Forty years ago, this summer, America’s first space station, Skylab, breathed its last and commenced a slow descent back to Earth, eventually to burn up in the atmosphere. The vast complex—a converted Saturn V S-IVB third stage, which remains the largest and most massive single object ever launched into orbit on a single booster—had been launched in May 1973, but had endured near-calamity from the start: a troubled ascent had seen its micrometeoroid shield torn away, one solar array ripped off and another clogged with debris.
Once in space, the sterling efforts of three astronaut crews over the next nine months had brought Skylab back to life, repaired it and achieved spectacular scientific results. Hundreds of hours of solar and astronomical observations were made, together with dozens of Earth resources studies and a vast corpus of biomedical data aided our understanding of how the human body functions in space over long periods of time.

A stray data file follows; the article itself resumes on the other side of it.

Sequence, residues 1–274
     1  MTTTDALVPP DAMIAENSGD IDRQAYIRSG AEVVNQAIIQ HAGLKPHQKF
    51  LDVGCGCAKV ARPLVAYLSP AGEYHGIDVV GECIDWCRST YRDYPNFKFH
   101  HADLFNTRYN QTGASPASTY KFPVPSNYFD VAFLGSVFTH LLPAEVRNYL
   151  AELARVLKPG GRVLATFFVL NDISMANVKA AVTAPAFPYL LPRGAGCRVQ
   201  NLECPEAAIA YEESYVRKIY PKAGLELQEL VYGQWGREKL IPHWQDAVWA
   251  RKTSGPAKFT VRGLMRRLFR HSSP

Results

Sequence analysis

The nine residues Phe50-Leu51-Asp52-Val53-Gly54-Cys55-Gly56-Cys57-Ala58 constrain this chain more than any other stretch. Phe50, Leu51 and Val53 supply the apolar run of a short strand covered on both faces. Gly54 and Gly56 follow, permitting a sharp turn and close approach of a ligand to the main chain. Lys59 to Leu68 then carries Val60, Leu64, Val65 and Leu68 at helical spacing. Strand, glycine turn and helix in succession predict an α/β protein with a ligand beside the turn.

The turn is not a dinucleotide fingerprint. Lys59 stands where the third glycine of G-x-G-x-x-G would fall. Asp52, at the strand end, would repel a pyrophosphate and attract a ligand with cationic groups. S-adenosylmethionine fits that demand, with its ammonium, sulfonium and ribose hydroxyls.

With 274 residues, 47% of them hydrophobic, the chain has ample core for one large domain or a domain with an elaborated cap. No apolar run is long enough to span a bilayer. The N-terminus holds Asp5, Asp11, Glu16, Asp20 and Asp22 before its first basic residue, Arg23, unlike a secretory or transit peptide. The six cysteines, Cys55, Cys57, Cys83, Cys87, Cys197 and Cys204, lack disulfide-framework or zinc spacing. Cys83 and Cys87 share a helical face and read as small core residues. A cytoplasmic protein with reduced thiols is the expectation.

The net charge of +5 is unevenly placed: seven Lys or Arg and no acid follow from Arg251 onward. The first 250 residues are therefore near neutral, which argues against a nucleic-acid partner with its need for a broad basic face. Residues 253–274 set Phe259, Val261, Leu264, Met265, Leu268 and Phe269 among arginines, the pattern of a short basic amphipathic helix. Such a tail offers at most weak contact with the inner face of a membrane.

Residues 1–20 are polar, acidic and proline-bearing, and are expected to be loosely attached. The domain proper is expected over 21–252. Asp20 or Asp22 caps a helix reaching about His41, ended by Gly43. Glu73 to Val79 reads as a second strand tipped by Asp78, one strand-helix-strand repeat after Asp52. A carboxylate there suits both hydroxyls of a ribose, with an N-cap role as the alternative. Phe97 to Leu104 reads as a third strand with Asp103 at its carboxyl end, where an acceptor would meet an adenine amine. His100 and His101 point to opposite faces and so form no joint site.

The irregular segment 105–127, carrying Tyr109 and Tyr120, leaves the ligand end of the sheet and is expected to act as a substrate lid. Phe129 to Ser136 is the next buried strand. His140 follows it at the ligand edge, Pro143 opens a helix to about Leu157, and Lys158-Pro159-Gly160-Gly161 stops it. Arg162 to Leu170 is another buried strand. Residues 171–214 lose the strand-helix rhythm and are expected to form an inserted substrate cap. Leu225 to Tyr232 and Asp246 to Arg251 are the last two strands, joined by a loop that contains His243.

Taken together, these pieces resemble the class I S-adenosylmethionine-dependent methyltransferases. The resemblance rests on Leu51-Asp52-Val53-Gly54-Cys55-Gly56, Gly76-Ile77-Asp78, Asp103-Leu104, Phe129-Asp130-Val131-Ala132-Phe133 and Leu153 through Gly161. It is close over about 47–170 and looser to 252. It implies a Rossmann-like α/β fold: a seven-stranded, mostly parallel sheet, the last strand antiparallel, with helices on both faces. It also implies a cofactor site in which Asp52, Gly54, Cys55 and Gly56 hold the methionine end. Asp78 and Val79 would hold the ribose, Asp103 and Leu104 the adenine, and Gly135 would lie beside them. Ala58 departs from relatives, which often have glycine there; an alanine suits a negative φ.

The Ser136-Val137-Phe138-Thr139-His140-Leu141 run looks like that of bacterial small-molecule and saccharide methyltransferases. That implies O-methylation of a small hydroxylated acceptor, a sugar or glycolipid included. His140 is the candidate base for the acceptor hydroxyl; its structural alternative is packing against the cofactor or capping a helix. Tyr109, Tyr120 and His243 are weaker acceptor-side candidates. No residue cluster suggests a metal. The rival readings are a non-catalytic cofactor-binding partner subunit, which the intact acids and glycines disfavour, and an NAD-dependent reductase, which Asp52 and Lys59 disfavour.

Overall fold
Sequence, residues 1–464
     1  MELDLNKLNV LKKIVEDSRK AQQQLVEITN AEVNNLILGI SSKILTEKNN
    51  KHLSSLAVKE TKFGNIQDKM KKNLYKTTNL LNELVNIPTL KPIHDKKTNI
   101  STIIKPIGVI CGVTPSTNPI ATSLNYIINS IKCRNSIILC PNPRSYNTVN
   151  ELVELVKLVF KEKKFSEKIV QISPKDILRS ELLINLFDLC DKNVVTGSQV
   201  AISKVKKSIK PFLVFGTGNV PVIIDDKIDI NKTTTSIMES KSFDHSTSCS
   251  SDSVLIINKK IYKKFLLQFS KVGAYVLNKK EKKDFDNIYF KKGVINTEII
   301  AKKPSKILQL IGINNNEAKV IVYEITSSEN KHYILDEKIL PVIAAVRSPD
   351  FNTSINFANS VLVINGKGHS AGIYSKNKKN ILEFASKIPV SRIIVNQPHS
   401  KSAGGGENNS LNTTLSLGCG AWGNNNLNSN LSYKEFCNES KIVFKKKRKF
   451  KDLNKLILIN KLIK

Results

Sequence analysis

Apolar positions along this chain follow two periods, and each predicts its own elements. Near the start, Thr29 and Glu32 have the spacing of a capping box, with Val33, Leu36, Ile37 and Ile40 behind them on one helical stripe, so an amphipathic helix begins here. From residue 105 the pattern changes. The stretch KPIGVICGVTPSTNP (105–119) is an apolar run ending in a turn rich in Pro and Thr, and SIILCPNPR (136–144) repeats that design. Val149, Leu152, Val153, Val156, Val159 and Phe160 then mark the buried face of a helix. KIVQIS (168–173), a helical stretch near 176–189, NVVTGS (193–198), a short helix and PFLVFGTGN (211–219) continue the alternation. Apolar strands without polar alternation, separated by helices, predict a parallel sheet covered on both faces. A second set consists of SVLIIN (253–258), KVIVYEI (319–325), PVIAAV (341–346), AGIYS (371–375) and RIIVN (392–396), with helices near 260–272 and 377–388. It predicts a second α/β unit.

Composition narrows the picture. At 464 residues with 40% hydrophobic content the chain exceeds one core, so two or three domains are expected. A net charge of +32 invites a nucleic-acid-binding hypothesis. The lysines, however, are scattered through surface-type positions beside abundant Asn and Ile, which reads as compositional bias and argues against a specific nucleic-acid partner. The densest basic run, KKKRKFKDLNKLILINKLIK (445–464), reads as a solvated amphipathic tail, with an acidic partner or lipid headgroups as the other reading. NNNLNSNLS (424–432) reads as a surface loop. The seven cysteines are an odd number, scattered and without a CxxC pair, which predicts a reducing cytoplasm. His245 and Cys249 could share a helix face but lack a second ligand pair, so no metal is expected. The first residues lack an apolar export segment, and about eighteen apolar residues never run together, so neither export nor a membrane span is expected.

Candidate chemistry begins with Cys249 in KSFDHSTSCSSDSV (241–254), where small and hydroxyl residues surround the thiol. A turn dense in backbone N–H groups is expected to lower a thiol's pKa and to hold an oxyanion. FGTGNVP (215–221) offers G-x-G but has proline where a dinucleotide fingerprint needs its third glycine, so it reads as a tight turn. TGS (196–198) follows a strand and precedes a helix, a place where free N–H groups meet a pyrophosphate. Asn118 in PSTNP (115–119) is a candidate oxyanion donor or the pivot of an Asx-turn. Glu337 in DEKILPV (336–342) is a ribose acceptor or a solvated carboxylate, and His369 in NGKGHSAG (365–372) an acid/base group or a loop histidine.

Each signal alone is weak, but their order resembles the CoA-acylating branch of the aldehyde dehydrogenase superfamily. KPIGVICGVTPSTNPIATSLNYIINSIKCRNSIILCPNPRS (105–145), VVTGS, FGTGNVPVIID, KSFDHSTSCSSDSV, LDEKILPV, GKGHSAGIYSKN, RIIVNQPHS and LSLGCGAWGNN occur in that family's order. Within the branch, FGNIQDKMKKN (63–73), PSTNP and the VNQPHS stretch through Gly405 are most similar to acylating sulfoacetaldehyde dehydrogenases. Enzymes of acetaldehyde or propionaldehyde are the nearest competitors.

But in the five years after the last crew departed Skylab in February 1974 and the old station’s eventual demise in July 1979, it was virtually abandoned. Its atmosphere was remotely vented, most of its systems were shut down and it was established in a gravity-gradient stabilized attitude, still capable of responding to telemetry commands, but with a troublesome control moment gyroscope and erratic coolant loops there seemed little likelihood that Skylab would again be occupied.